Just as the competition regulator, the ACCC hands a report on Australian grocery retailing, a New Zealand court has indicated there’s a limit to the size the country’s retailers can get by taking out a competitor.

The impending ACCC report has already got the business commentators moaning about nasty regulators and grandstanding politicians and calling for our retailers not to be hobbled.

“The ACCC report will be handed to Trade Practices Minister Chris ‘Page One’ Bowen today and if the petrol inquiry is any guide, the Government has already made up its mind on the outcome and, worse, the ACCC report may be tailored to suit that decision,” The Australian’s John Durie wrote today.

“It’s probably fair to give the ACCC boss Graeme Samuel the benefit of the doubt, but if the industry’s worst fears are realised, suffice it to say the report will run directly counter to many arguments Samuel has expressed before.

“Sadly, the minister has flagged key aspects already, which raises fears that, just like the petrol report, it will be a whitewash aimed at showing the Government is following through on its pre-election commitments.”

Across the Tasman it was a different story as the country’s Court of Appeal overturned a lower court’s ruling that had allowed Woolworths and its local rival, Foodstuffs to try and takeover a third retailer, discount retailer The Warehouse Group.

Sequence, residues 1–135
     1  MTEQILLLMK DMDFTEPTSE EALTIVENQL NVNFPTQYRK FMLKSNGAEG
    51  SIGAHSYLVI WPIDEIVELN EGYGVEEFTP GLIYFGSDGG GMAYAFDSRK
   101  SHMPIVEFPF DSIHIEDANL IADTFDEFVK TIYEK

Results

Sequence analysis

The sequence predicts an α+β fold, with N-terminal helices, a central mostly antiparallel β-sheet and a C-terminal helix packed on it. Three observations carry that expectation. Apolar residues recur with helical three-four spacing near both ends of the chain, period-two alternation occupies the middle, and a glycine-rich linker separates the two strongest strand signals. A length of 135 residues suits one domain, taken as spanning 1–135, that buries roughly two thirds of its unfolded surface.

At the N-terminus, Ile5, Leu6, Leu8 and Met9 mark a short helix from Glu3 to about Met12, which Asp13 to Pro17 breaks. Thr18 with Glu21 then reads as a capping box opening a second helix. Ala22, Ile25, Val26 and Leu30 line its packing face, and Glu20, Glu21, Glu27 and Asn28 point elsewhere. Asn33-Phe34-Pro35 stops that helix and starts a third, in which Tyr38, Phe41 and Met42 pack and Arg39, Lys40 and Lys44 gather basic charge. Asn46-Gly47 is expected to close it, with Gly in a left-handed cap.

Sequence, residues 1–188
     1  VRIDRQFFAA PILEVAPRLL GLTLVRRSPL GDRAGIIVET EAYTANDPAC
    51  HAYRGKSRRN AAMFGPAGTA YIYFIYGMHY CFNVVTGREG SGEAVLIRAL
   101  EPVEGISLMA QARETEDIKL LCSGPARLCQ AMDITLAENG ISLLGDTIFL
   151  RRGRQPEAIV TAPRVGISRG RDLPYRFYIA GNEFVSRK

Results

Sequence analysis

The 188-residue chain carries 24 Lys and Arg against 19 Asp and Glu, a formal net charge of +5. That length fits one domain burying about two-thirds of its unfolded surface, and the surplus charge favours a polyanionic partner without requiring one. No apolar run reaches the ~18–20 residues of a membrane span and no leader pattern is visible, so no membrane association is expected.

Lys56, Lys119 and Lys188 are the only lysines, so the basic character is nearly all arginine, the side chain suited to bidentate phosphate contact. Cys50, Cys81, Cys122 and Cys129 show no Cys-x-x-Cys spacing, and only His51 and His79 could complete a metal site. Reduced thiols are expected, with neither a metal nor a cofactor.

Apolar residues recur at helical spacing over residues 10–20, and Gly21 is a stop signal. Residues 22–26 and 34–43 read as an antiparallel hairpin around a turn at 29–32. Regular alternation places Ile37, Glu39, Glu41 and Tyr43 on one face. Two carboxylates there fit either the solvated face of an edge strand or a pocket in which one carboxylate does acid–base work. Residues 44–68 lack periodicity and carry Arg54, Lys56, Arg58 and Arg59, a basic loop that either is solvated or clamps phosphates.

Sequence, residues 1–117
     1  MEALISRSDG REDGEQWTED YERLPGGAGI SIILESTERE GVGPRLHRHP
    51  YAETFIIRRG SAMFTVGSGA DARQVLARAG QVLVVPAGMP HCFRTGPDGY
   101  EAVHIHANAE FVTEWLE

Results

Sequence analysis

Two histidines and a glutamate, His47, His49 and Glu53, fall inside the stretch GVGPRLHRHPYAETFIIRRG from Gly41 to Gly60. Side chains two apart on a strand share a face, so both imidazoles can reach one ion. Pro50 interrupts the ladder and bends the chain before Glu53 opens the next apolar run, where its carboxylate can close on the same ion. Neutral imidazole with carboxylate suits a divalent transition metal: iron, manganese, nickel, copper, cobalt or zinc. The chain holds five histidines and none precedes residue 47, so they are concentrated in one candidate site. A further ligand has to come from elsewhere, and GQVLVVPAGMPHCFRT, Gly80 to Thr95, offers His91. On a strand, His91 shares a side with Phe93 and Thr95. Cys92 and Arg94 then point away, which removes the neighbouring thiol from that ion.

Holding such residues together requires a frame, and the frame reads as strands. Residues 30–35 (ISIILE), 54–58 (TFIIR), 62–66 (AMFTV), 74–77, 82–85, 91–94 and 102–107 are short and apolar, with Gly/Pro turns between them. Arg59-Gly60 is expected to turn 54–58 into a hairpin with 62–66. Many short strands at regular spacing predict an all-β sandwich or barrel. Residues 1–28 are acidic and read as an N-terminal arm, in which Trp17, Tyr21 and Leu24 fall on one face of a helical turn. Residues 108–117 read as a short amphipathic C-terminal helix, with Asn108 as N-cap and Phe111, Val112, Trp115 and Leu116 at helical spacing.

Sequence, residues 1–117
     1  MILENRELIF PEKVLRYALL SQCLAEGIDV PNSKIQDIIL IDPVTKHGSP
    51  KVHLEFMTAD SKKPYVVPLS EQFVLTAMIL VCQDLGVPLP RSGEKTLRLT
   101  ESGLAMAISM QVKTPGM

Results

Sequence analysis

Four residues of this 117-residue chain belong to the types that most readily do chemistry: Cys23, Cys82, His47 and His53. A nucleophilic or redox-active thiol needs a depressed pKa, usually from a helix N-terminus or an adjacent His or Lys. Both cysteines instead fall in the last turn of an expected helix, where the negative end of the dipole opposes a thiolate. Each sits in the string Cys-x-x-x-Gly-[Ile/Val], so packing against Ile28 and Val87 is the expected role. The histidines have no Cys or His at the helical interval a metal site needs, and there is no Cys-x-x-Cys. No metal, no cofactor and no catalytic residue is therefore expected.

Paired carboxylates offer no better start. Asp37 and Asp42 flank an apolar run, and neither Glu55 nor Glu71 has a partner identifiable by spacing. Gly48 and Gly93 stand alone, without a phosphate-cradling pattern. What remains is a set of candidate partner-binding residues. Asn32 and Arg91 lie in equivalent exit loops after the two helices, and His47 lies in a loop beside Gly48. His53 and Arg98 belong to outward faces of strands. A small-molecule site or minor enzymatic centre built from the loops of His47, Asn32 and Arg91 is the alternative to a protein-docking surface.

The Appeal Court’s decision, which was made public on Thursday in part (the full judgement won’t be released until sensitive information is removed), prevents Woolworths and the co-operative, Foodstuffs from bidding for The Warehouse. The Warehouse is actually NZ’s biggest retailer and any bid would cost more than $A1.5 billion.

Foodstuffs and Woolworths each have 10% stakes in The Warehouse, bought to block each other from succeeding in a full offer. The two retailers last year successfully went to the High Court to overturn a Commerce Commission decision to block any potential takeover.

The Appeals Court decision could now be appealed to the final court of appeal in NZ, the Supreme Court. It was established in 2004 to replace appeals from NZ to the Privy Council in London. The NZ Commerce Commission welcomed the ruling as a “victory for supermarket consumers and competition in markets”.

“In the second appeal from the Commission’s clearance decision, the Court of Appeal has today reversed the High Court’s November 2007 decision that cleared the way for the three Foodstuffs co-operatives and Woolworths Ltd to acquire up to 100% shares in, or assets of, The Warehouse.

“The Commission’s case has focused on its concerns about competition in the supermarket sector where there is, in effect, a duopoly at present, except in the three regions where The Warehouse has opened a supercentre.

The court decision upholds the powers of the Commerce Commission to regulate competition, and it has prevented duopolies from either being created or expanded in NZ. That’s an argument that is gaining coverage and attention in Australia and it was talked about extensively in the hearings that the ACCC had in Australia for today’s report.

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Peter Fray
Peter Fray
Editor-in-chief of Crikey
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